For a variety of reasons related to COVID-19, this spring, seed companies are struggling to fill the demand for seeds. Johnny’s Selected Seeds and Stokes Seeds for example are limiting or temporarily limiting orders from home gardeners. Right now, these seed companies are only offering larger quantities of seeds. The availability of certain varieties is somewhat limited and shipping times may be much longer than we’re used to. For these reasons, gardeners should strongly consider holding a seed swap. Even in normal times, a seed swap can be a great way to save money. Seeds can get expensive at $2 to $4 per packet. There are a couple of different ways to organize a swap or share. Gardeners could bring their leftover seeds that may otherwise go unused, or a host or group could purchase seed in bulk, which is cheaper than buying packets, and then divvy them up at the seed swap. The cost can be shared among attendees or, if the host is a nonprofit, borne by the host.
Seeds purchased in bulk are more affordable and ideal for sharing seeds.
When you buy seeds in bulk, you won’t get a fancy seed packet with an alluring photo of the flower or vegetable. You also won’t get the basic growing instructions on the packet. However, you can easily look up growing instructions online or in a seed catalog. Labels for bulk seeds, with basic growing information such as days to maturity, plant spacing and more, can be preprinted and provided to swap participants. Seed swaps and shares are also an opportunity for gardeners and farmers to bring truly unique seeds that they may have developed and saved from their own garden or farm that are well adapted for the local growing conditions. While you’re swapping seeds, trade your latest gardening hack, too. A seed swap or sharing event doesn’t have to be big. It can be a small, informal affair with friends.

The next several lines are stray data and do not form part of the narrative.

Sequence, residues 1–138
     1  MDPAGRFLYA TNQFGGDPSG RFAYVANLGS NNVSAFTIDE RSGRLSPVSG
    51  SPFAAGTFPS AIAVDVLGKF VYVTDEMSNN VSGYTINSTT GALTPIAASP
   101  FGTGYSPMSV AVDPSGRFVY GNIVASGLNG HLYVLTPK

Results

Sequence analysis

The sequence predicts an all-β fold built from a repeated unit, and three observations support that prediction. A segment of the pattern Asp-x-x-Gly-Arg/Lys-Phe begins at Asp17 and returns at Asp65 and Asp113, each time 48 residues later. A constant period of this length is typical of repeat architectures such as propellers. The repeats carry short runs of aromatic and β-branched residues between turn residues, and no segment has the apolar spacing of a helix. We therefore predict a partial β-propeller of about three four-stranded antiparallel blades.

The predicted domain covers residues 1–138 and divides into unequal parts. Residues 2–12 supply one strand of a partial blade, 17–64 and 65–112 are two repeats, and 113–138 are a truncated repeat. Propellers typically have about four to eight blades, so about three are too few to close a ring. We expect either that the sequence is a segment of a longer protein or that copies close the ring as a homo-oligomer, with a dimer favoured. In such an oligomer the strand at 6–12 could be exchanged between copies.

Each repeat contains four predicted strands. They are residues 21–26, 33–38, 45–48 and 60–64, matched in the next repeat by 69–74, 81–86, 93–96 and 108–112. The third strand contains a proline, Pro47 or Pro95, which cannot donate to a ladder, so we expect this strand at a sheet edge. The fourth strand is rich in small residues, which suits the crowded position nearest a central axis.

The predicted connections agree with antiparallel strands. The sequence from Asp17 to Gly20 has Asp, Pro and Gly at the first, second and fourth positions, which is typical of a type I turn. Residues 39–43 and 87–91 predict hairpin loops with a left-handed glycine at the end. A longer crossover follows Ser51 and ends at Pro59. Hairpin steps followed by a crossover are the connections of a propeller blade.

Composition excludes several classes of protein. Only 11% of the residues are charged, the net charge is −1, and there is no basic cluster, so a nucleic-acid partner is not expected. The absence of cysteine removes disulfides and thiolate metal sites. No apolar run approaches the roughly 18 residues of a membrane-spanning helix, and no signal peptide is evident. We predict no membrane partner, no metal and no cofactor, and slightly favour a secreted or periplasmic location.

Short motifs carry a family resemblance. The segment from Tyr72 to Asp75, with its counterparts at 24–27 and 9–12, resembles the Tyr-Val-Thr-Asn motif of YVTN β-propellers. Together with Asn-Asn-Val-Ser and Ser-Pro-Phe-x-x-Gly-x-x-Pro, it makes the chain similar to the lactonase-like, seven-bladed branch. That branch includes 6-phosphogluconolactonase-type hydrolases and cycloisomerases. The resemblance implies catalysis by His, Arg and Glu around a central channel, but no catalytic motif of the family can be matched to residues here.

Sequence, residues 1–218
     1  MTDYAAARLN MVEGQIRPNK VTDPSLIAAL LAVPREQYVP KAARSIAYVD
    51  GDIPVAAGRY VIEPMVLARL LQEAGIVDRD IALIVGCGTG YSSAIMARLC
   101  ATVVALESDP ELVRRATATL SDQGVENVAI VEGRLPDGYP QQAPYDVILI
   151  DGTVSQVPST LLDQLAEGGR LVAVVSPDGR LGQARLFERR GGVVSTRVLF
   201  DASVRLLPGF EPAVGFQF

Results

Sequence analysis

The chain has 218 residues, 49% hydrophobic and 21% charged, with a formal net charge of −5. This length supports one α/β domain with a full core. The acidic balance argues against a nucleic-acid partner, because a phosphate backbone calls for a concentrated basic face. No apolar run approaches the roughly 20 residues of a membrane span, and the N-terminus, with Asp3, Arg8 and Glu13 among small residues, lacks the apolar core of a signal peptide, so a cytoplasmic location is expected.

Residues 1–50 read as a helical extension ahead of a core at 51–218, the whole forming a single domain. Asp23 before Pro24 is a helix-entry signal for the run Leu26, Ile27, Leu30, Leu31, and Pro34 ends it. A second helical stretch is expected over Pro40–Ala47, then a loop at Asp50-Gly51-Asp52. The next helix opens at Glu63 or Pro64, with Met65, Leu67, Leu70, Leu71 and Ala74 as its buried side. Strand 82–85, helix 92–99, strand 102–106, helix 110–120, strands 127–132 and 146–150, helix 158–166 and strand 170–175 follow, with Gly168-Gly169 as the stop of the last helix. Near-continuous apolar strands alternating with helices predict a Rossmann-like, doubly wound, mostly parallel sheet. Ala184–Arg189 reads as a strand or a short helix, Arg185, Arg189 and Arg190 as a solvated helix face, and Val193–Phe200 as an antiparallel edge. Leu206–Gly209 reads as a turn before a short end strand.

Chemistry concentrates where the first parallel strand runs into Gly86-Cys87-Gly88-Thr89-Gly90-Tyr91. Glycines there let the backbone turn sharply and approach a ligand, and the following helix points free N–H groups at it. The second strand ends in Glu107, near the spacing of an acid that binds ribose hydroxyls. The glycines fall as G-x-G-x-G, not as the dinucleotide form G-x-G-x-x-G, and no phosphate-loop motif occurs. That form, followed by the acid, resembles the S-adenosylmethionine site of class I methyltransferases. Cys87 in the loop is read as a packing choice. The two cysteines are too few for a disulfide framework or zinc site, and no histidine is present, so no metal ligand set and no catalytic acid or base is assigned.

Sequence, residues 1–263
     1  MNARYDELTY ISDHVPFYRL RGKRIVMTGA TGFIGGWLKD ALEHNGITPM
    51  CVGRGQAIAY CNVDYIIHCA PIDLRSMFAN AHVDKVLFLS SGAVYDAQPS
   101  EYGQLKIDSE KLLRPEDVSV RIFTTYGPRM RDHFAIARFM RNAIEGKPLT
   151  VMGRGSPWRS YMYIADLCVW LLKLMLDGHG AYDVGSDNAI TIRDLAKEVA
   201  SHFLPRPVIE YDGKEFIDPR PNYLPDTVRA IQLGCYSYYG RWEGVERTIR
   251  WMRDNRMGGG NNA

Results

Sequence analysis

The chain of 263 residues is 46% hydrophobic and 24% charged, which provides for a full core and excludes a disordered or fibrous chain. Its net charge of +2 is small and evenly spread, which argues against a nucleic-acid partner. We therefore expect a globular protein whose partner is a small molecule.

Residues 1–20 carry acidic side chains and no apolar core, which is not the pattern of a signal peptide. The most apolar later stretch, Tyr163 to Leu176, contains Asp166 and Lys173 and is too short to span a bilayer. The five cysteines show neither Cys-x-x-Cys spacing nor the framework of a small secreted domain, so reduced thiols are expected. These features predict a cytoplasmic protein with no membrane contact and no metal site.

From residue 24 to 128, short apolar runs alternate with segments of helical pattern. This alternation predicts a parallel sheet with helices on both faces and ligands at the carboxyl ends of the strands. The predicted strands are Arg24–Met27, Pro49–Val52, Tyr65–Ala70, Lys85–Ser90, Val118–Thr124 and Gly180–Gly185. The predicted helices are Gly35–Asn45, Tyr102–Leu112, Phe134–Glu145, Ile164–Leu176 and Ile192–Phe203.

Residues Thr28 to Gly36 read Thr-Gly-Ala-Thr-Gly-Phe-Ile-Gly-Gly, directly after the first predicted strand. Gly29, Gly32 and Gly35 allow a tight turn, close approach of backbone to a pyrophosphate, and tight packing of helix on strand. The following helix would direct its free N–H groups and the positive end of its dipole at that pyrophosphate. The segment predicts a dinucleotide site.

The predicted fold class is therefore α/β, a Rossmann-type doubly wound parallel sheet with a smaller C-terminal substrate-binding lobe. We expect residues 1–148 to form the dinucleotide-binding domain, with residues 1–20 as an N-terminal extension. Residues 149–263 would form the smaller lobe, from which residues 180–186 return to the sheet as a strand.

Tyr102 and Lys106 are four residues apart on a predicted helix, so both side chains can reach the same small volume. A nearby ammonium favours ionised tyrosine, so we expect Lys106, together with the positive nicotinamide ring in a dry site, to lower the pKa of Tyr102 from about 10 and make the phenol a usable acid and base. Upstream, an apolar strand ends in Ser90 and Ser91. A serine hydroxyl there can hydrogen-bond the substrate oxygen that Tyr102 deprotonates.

If you decide to host a seed event, make sure you let people know if they are expected to bring seeds to share or contribute to the cost of buying bulk seeds, or if the seeds are provided for free by the organizer. You might want to have a sign-up sheet beforehand (much like a potluck sign-up sheet) so you don’t end up with everyone bringing carrot seeds or radish seeds. Getting a head count for a seed-sharing event will also help with planning.
Here are some suggestions for hosting a seed swap or sharing event: Line up bowls or containers for all of your seeds and label each one with the seed variety it contains. You can hand out a sheet of labels to each participant and arrange the bowls in the same order as the labels. You should also supply small envelopes like coin envelopes for each participant. I’ve used small plastic bags but they are not recommended for long term storage. The envelopes are better for long-term storage because they are breathable and opaque. You’ll need enough bags or envelopes for the number of gardeners attending multiplied by the number of seed varieties. Again, circulating a sign-up sheet prior to the event will ensure you have enough supplies.
Ask each person to bring some measuring spoons. Before everyone starts helping themselves to seeds, calculate or estimate the amount of seeds they should take in terms of a measuring spoon size and write that on the container.
Now, let the seed swapping and sharing begin! Have everyone rotate around the room. Seeds can be arranged in the same order as the labels on their sheet to make things less confusing. Each gardener will spoon the allotted amount of seeds into each bag and label it. Once everyone has gotten some seeds of every type, gardeners can circulate once more until any leftover seeds are gone, or you can save some seeds for another event.
The benefits of gardening are many. Those who garden get some regular exercise, save money, eat more fruits and vegetables, share with their family and neighbors and benefit mentally. A seed swap or sharing event might be just the thing that plants a seed to help someone start a new garden for the first time. If you end up with leftover seeds, here are some tips on saving your seeds.
Previously published in the Fairbanks Daily Newsminer May 20, 2017. Updated January 28, 2021.